U.S. employers are struggling to find volunteers after the epidemic year
President Joe Biden defended his financial record on Monday as much of the US work reveals the complexities: millions remain unemployed after the epidemic, but businesses say they can’t find anyone to hire them.
The failure of corporations to recruit workers has led to controversy over the potential causes, while Republicans and other businessmen claim that the high cost of unemployment is a barrier to employment.
The main reason, he says, is an increase in Biden management $ 300 a week to increase unemployment insurance. In high-paying countries, one profit can reach $ 600 a week, which is about $ 16 an hour. That is twice the minimum wage.
Unexpected labor struggles threaten to undermine the expectations of economists and business owners in the hope of a resilient economy.
Speaking at the White House, Biden said his economic ideas were “working” despite a decline in employment last month, where businesses wrote 266,000 new employees, much less than the 1m that economists expect. He stressed that there was no “substantial evidence” that unemployment insurance was part of it incentive system it was a daunting task.
“We need to focus on the challenges ahead – fighting the epidemic and creating jobs,” he said.
Entrepreneurs say unemployment is a reality in sectors including food, transportation and infrastructure.
They own franchises in retail stores 7-eleven asked the company not to force them to resume working day and night because they could not find anyone working at night. Managers at a short McDonald’s in Texas have put up a sign on its call for endurance because “no one wants to work again”, making the restaurant popular on TikTok.
Breakfast makers Post Holdings said the shortage of staff has led to significant delays in production. On Monday, Donnie King, chief operating officer at Tyson Foods, the largest meat retailer in the US, said “it has taken us six days to work five days due to overcrowding and unemployment” at his pig farm, which belonged to severely beaten in the early months of the epidemic.
The National Federation of Independent Business, a small business group, says 42% of small businesses say they cannot meet the responsibilities. Among them is Matt Glassman, who owns the Greyhound Bar & Grill in Los Angeles.
Two weeks before the opening, Glassman arranged for 15 interviews to recruit kitchen staff. But twelve people did not come, he said. Of the three that did, one was “completely wrong at work” and one resigned on the first day, leaving only one paycheck.
“We’ve done cultural things, we’ve done Craigslist, we’ve done it before [hiring website] Captured, cooks, tried Instagram, I tried to talk to my staff, I tried to walk down the street, ”said Glassman. “He didn’t do well.”
The rising cost of human labor during the Covid crisis has led many low-income earners to consider whether their jobs are worth paying for, their rights activists and financial experts have said. For those with children, the constant closure of some schools and other child care facilities has made it difficult to return to work.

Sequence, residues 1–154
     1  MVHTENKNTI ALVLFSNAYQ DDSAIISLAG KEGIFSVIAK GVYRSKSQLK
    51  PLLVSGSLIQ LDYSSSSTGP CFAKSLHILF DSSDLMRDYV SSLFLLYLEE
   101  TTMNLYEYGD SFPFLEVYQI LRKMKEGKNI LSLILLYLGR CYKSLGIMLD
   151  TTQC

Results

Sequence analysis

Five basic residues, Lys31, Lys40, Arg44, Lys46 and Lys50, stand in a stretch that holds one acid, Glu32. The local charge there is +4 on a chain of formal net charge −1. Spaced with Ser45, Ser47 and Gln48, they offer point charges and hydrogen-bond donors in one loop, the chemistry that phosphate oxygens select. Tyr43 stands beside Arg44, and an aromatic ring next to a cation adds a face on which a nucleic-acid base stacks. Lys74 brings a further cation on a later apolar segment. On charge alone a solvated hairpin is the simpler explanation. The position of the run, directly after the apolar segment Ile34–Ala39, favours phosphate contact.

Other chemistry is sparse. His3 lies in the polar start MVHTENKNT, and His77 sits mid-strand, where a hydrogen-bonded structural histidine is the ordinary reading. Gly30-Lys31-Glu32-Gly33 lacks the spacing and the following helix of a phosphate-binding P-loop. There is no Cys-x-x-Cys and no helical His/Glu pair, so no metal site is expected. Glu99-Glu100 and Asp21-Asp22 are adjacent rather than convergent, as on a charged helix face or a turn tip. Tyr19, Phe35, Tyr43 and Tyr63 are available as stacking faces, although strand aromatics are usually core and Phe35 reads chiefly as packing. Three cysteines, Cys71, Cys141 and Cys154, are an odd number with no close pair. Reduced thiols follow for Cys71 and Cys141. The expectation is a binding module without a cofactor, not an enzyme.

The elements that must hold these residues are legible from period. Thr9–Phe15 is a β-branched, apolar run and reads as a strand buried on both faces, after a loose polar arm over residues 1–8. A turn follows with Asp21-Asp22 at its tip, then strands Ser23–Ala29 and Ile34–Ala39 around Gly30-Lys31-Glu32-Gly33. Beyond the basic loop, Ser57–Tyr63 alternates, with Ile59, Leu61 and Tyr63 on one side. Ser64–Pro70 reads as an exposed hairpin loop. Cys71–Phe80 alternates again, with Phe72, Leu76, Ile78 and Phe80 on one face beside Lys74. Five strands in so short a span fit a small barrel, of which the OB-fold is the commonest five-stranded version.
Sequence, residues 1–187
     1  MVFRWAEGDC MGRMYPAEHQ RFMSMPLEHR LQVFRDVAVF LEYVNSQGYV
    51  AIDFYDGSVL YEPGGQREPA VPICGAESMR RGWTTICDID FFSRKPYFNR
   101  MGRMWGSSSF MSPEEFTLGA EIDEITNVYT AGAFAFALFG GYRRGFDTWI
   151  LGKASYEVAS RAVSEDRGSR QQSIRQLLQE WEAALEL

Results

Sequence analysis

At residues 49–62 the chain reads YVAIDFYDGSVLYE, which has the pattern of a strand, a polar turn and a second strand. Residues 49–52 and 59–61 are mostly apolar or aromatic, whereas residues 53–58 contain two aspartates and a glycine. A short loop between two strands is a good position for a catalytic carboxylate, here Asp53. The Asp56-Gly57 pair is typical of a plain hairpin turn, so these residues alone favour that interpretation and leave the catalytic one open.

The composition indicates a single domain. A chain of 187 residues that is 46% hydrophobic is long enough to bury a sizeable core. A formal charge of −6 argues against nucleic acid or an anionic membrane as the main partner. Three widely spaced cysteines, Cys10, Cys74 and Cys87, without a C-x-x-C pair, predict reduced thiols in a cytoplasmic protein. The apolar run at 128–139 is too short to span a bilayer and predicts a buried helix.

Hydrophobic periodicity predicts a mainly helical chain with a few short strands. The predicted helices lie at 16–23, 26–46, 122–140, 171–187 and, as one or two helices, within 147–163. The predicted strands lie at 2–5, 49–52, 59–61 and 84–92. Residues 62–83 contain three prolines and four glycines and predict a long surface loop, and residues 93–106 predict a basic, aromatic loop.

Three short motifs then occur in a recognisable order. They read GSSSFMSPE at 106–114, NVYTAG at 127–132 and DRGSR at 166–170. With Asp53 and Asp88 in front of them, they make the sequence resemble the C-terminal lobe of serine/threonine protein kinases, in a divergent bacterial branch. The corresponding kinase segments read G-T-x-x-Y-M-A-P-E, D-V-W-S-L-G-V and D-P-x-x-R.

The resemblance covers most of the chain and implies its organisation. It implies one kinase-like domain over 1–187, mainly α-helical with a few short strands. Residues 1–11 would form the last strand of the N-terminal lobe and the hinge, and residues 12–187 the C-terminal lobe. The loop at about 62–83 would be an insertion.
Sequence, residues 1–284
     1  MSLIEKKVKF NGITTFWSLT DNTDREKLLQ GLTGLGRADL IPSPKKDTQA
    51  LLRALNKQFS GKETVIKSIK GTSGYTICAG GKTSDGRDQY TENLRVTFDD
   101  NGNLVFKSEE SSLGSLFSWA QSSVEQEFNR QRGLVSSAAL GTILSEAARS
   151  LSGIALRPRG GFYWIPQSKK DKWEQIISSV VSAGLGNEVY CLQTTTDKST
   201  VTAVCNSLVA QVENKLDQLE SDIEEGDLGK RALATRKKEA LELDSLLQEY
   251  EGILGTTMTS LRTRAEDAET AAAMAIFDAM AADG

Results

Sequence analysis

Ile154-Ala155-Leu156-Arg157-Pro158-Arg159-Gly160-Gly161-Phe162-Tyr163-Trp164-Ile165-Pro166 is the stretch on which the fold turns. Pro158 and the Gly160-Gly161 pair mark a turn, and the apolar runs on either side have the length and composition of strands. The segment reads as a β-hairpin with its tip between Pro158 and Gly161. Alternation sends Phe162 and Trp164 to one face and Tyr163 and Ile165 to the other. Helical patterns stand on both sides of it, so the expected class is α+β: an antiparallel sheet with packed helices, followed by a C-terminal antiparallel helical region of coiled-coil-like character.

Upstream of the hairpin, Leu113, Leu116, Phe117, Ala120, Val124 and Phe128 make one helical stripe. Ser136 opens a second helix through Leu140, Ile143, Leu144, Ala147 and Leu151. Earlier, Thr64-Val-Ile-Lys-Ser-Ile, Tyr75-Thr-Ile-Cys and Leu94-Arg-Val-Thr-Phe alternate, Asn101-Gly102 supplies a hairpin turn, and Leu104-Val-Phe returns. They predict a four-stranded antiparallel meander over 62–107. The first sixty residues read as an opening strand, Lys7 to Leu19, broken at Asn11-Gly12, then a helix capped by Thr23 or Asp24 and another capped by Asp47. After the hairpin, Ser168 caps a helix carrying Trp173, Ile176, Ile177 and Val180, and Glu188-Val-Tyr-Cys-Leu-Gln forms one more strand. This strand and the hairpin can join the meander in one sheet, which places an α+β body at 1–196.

“The idea is that I have to go back to work and put my family at risk and make it one third [the tips] What I already do is a decision I probably wouldn’t make, if I were a co-worker, ”said Glassman.
Some say that unemployment benefits have kept people from finding employment. Among other things oil fields According to the Permian government in western Texas, “there are a lot of people applying for jobs and oil and gas are resuming and they are ready to hire,” said Wesley Burnett, director of business in Odessa. “But the federal system he has set up has changed everyone back a little bit as much as they would like to stay home instead of going to work.”
Henry McMaster, Republican South Carolina’s ambassador, told his government to stop paying extra at the end of June, two months before Washington’s suspension.
“The plan to provide short-term financial assistance to vulnerable and long-term refugees has turned into a dangerous, motivating and cost-effective way for workers to stay home instead of encouraging them to return to work,” McMaster said.
Generous groups say there is an easy way to attract more employees: give more.
“The bosses are now saying, ‘Well, we can’t find people to do the job’, but what they need to say is ‘we can’t find people to do the job for the price we pay’,” said Melissa Boteach of the Liberal National Women Law Center. “As a result, you feel that when you need more workers you have to increase your wages to increase your income.”
Data from the U.S. Department of Labor indicates that some employers are starting to do this. The entertainment and hospitality businesses raised wages in April, though their earnings continued to decline as they did with Covid.
Some are going too far. Uber set up its own $ 250m “incentives” a program to attract new drivers. The company said it had 22% less drivers than it did last year even though the demand for passengers was rising, and remittances were high.
Fabio Sandri, Pilgrim’s Pride poultry chief, told experts that his company spent $ 40m raising wages in the first half of the year. He also said that he continues to sell money to support the working class.
Many economists expect that all job losses will disappear, predicting that as Covid cases decline, schools reopen and more unemployment benefits expire in September, skeptical workers will return.
But some may not return to the work they were doing before the plague. Glassman said many of his colleagues had fled California.
Additional reports of Derek Brower